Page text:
Friday, March 16, 2012

The Hangover (3)

We've flown to Bangkok and we're staying in a hotel whose proudest boast is that The Hangover 2 was set there. I've lots of misgivings about this. (And not just that The Hangover 2 is a terrible title - why didn't they have The Hangover: Electric Boogaloo, or Another Hangover, or Still Hungover, or were they saving those for the eventual sequels (Hungover and Furious 4, perhaps?)

I thought the original film was ok, although it clearly felt it was the only comedy ever to be filmed, ever, ever, ever, and by the sounds of it the sequel was the original with extra Asian-stereotypes, and I'm now old and jaded enough that the mere existence of ladyboys doesn't cause me to chortle with glee. Still, it doesn't sound like a ringing endorsement of a 5-star hotel that it had several dirty Americans drinking enough to get amnesia.

But the advertising is everywhere. In one of the lifts there's a huge picture printed onto the doors of the three stars looking hungover. Well, looking like fried shit, if you want to be technically correct, and sitting on the steps of the glamourous bar upstairs. Glamourous bars don't look so glam when you have three men who look like they spent the night sleeping rough, sitting on the steps contemplating the horror of the universe. But I'm not in advertising, what would I know?

Because of the advertising, or the film, the place is crowded with booze-tourists. You know, men with tattoos instead of a sense of irony, stinking of stale beer, making a pilgrimage to the 62nd floor of this hotel, or sitting in the lobby looking strangely dejected. Perhaps they were disappointed that a hangover isn't as fun as Hollywood makes it look. Which would be a strangely appropriate fate for them.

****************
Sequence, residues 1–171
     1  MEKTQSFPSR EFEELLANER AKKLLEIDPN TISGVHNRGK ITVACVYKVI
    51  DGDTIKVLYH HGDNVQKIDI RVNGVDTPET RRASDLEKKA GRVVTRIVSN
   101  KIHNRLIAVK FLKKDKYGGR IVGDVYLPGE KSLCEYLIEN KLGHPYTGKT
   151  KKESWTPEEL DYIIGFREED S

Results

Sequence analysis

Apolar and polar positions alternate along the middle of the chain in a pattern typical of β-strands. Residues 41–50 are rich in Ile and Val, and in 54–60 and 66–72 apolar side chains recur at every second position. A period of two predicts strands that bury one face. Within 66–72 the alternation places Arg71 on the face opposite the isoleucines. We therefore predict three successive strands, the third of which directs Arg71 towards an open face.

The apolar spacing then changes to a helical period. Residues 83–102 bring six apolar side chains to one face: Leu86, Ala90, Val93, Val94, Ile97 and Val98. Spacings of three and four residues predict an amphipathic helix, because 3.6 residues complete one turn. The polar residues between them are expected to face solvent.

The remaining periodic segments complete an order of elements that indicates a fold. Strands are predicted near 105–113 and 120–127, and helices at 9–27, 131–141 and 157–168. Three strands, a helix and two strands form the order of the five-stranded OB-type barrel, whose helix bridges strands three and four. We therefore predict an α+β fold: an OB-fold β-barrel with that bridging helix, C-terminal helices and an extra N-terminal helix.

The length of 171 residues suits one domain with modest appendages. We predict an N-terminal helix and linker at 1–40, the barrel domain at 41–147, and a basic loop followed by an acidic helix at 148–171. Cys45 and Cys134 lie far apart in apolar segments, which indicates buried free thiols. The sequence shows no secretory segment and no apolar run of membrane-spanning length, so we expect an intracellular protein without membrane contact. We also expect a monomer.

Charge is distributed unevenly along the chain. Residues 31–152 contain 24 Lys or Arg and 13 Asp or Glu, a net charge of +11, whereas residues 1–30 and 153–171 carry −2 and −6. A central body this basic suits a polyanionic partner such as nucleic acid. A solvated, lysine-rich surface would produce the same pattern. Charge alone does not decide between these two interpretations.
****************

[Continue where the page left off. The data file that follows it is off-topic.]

It's got so bad, one can infer, that they now enforce a dress code at the swanky bars saying no shorts, beach shorts or filthy, dirty sandals. Now I don't know about Bangkok, but in the rest of the world most customers of swanky restaurants don't dress that way anyway, which makes me think that a never-ending crowd of scruttily-dressed impressionable lads have been trying to get to the bar to have the same sort of Hangover that they've seen on screen. Gullible, badly dressed young men. Oh dear, oh dear. Oh dear, oh dear, oh dear.

Or perhaps they want to stay in one of the rooms. And that is where the hotel seems to take flight from reality utterly, or at least reason.

Yes, it might be fun to watch a man wake up in a ruined hotel room, along with a tiger and without most of his mental faculties.

But ask yourself, do you want to be the person running the hotel that he's woken up in, and have to try to get money to fix the room out of a man who's so mental he got a facial tattoo without realising, and has no money?

And forget about being the proprietor: do you really want to be the next person to stay in that room?

(I must point out that although I think the advertising isn't really doing what it should for the hotel's image (and perhaps any publicity is good publicity) it is a simply gorgeous hotel - we have an incredible view out over the city, and our suite (our suite! our suite!) is slightly bigger than our apartment, as is the tradition of all swanky hotels. Plus the bed's enormous, the food is top-notch, and you can drink as many complimentary cans of Coke from the fridge as you like.

We shouldn't have indulged in raspberry gin-and-tonics though. There's an impending hangover, I'm sure.)


Post a Comment